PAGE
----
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Interleukin-1 and tumor necrosis factor-alpha: novel targets for immunotherapy in Eales disease.

Authors: Saxena, S  Pant, AB  Khanna, VK  Agarwal, AK  Singh, K  Kumar, D  Singh, VK 
Citation: Saxena S, etal., Ocul Immunol Inflamm. 2009 May-Jun;17(3):201-6. doi: 10.1080/09273940902731015.
Pubmed: (View Article at PubMed) PMID:19585364
DOI: Full-text: DOI:10.1080/09273940902731015

BACKGROUND: Eales disease is an idiopathic obliterative vasculopathy that primarily affects the peripheral retina of young adults. The authors evaluated interleukin 1 beta (IL-1beta), interleukin-6 (IL-6), Interleukin-10 (IL-10), and tumor necrosis factor-alpha (TNF-alpha) in the serum of patients with Eales disease stages for the first time. METHODS: The study group consisted of 45 consecutive patients of Eales disease [inflammatory stage (n = 15) and proliferative stage (n = 30)] and 28 healthy controls. Immunoassays for the quantification of the levels of four cytokines including IL-1beta, IL-6, IL-10, and TNF-alpha in the serum samples were performed using ELISA kits. RESULTS: IL-1beta, IL-6, IL-10, and TNF-alpha levels were found to be increased significantly in the inflammatory stage of Eales disease as compared to controls (p < .001). IL-1beta levels decreased significantly during the proliferative stage of the disease as compared to the inflammatory stage (p = .03). TNF-alpha levels increased significantly during the proliferative stage as compared to the inflammatory stage (p = .02). CONCLUSIONS: Raised levels of IL-1beta and TNF-alpha were observed in the inflammatory stage and persisted in the proliferative stage of the disease. The IL-1 system and TNF-alpha represent novel target for immunotherapy for controlling inflammatory activity and/or the associated long-term sequelae related to angiogenesis in Eales disease.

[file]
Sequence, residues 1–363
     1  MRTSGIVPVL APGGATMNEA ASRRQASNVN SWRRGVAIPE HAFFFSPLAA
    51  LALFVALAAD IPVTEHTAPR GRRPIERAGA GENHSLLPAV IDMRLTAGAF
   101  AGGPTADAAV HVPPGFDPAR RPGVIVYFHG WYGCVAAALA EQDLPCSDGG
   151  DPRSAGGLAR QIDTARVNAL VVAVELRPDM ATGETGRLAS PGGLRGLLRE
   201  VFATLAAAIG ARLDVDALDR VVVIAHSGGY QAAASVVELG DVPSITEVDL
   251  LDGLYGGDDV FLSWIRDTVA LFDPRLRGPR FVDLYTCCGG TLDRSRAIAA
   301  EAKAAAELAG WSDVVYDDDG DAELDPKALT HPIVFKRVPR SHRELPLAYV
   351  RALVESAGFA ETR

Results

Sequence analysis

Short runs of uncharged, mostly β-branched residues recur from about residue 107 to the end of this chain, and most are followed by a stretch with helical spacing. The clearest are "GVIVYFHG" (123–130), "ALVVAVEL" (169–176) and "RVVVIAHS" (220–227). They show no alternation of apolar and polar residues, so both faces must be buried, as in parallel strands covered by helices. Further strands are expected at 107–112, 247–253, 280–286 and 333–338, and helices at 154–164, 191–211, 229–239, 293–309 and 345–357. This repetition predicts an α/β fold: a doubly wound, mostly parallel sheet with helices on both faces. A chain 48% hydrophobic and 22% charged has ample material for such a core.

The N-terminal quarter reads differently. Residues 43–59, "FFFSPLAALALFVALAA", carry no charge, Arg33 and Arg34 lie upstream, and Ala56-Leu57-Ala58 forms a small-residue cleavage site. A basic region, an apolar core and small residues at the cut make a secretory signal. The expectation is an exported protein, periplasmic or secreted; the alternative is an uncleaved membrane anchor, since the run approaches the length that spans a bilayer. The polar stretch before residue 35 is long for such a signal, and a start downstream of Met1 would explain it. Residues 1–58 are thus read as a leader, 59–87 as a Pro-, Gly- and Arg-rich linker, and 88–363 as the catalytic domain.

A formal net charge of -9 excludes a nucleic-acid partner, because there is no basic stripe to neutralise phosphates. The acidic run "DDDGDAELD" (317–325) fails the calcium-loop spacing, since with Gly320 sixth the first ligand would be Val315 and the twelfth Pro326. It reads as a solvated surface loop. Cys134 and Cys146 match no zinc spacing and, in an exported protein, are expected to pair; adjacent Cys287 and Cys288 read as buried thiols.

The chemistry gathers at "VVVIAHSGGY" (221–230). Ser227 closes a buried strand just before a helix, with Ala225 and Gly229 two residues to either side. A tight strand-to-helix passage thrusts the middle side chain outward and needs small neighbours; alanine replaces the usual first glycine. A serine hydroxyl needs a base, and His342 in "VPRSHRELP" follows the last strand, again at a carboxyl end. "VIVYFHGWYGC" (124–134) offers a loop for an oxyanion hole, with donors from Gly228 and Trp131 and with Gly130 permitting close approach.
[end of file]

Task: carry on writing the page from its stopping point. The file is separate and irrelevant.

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CRRD Object Information
CRRD ID: 7401211
Created: 2013-11-07
Species: All species
Last Modified: 2013-11-07
Status: ACTIVE


RGD is funded by grant HL64541 from the National Heart, Lung, and Blood Institute on behalf of the NIH.